A 68-year-old man, presented with 3 week history of infective symptoms and mild haemoptysis. Past medical history included severe emphysema and a chronic right upper lobe (RUL) cavity. He was discharged from follow-up a year ago in view of clinical and radiological stability; previous bronchoscopic examinations yielded no specific diagnosis. CT scan on admission confirmed complex cavitary consolidation of RUL. He developed massive haemoptysis requiring intubation and ventilation. CT pulmonary angiogram (CTPA) revealed 16 mm RUL pulmonary artery (PA) aneurysm which was successfully embolized. Sputum cultures, aspergillus antigen and rapidity of clinical progression suggested a diagnosis of subacute invasive aspergillosis (SAIA), prompting treatment with Voriconazole. Bronchoscopy showed blood ooze from RUL even after embolization. Unfortunately, patient continued to deteriorate and succumbed to profound septicaemia.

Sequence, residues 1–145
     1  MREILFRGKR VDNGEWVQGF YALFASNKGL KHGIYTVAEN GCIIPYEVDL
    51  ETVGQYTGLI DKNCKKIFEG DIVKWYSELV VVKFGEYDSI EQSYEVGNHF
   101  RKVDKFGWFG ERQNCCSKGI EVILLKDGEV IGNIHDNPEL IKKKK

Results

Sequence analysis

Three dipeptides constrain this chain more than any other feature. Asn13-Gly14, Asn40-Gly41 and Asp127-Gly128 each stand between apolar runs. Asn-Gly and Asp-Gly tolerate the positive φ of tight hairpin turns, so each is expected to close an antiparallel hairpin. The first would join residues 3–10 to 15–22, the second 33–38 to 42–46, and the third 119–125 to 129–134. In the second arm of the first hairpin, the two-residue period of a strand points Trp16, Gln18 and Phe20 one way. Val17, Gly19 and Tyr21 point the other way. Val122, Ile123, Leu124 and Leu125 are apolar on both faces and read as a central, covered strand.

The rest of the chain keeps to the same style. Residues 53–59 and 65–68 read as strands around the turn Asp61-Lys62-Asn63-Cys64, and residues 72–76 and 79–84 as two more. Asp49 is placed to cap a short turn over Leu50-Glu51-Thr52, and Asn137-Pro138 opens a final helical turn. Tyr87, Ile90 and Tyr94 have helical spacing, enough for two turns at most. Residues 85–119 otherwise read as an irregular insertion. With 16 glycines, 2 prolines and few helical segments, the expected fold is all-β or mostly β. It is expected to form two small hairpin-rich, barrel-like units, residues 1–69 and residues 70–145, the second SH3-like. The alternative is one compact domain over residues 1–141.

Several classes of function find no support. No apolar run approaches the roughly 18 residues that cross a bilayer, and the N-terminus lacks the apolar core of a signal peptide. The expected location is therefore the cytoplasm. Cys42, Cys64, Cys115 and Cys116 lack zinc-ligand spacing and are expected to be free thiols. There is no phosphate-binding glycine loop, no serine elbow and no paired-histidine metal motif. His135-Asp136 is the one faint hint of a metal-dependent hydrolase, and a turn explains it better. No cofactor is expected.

- tb and other respiratory infections
- pneumonia (respiratory medicine)
- pulmonary emphysema
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Contributors SP, AM and MBG planned and drafted the article. SP & MBG were involved in sorting out legal issues related to consent. SP, AM and NQ collected patient data. SP and MBG were involved in the critical revision and approval of the final version to be published.
Funding The authors have not declared a specific grant for this research from any funding agency in the public, commercial or not-for-profit sectors.
Competing interests None declared.
Patient consent Not required.
Provenance and peer review Not commissioned; externally peer reviewed.
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